I’m intrigued by the possibilities of AI and the power of these new tools, and we’ve seen that ed. tech used at home has consistently been far more transformative than the stuff sold to schools. But a century or more of overhyped ed. tech has left me pretty wary. I find it a lot easier to see students using AI to get answers than to master concepts. After all, it’s safe to say that advances in computing have done a lot more to fuel gaming, social media, and shortcut-taking than to promote learning. I think there’s pretty compelling evidence that this has been bad for student social development and mental health. While I appreciate the potential of AI, it feels like talk of transformation is pretty premature—and I can already picture the hash that “early adopters” could make of all this, with the best of intentions.

Jal: I thought we were supposed to be debating! I agree with that as well. Education is fundamentally a human enterprise. Young people, particularly but not exclusively those who are struggling in school, need people to believe in them, people to reassure them when they struggle, and people to celebrate their successes. Tools could conceivably help, but at their best, they are just one piece of the larger puzzle. As Justin Reich shows in his masterful survey of education technology over the past century, there is a consistent Matthew Effect to new technologies: Those who possess more academic, cultural, and social capital tend to benefit the most from new tools and be given opportunities to use them in the most advantageous and agentic ways, while those on the shorter end of the stick tend to be asked to use technology in ways that make them more passive consumers than active users. For example, while kids in private schools are exploring the possibilities of ChatGPT (alongside their teachers), students in public school districts—particularly higher-poverty ones—are banning ChatGPT from schools. We should know by now that technology isn’t going to save us, although it can be one part of the equation.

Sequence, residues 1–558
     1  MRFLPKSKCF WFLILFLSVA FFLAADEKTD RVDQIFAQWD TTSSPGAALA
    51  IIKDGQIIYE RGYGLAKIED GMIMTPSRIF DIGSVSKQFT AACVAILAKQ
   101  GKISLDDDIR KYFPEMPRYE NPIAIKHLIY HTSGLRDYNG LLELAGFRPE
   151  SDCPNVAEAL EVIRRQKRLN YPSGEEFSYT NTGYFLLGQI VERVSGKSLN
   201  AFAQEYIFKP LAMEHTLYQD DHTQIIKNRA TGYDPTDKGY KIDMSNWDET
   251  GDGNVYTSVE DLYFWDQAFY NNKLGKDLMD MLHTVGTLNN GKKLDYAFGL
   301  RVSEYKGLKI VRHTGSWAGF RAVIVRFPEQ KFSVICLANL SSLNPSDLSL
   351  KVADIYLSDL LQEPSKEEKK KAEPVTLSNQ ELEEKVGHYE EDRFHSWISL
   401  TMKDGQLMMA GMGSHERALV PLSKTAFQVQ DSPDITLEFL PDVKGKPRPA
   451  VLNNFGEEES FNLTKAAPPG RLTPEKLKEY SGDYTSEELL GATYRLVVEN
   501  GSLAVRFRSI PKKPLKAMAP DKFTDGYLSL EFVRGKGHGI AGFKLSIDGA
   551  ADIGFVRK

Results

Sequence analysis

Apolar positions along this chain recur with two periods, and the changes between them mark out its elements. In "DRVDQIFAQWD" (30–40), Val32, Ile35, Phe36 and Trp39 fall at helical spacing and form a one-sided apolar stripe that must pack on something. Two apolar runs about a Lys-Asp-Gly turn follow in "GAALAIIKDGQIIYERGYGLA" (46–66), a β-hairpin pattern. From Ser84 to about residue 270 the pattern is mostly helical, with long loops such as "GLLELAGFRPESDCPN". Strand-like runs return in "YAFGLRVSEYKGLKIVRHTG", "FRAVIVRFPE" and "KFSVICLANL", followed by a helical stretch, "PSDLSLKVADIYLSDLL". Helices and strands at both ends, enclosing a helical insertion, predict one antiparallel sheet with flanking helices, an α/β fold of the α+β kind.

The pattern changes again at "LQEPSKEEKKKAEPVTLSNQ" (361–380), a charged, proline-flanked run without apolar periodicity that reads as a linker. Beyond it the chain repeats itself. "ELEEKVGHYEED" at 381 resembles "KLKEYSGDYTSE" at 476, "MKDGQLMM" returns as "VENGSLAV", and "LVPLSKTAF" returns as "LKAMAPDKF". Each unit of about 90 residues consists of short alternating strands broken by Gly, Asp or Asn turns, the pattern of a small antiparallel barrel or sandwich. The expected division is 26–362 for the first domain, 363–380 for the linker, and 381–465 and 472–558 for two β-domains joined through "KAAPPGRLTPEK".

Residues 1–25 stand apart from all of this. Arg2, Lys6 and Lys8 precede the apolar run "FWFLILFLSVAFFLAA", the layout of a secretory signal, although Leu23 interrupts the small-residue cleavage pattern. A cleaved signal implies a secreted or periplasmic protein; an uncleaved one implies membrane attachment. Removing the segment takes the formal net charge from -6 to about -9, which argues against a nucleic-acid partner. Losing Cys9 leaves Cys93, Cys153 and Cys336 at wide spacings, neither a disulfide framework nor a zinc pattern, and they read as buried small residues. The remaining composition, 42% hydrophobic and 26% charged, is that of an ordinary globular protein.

To return to human tutoring, I think it is promising precisely because it provides individual or small-group human connection, particularly for struggling students. You could imagine a world where a student spent much of the regular school day trying to conceal their weaknesses to avoid embarrassment but where working privately, one-on-one, with a trusted mentor could lead to real progress. I coach youth sports and I find a lot of value to having myself or another coach work with kids individually outside of regular practices, because it allows for skill development in a private space where it is really OK to try things, fail, and slowly get better. But, and this is a huge but, this is all dependent on the tutor actually knowing something about the domain and how people learn in the domain. This again brings us back to the coaching and the selection of the tutors. As with most things, tutoring can be good but only if we really think through the conditions needed to do it well.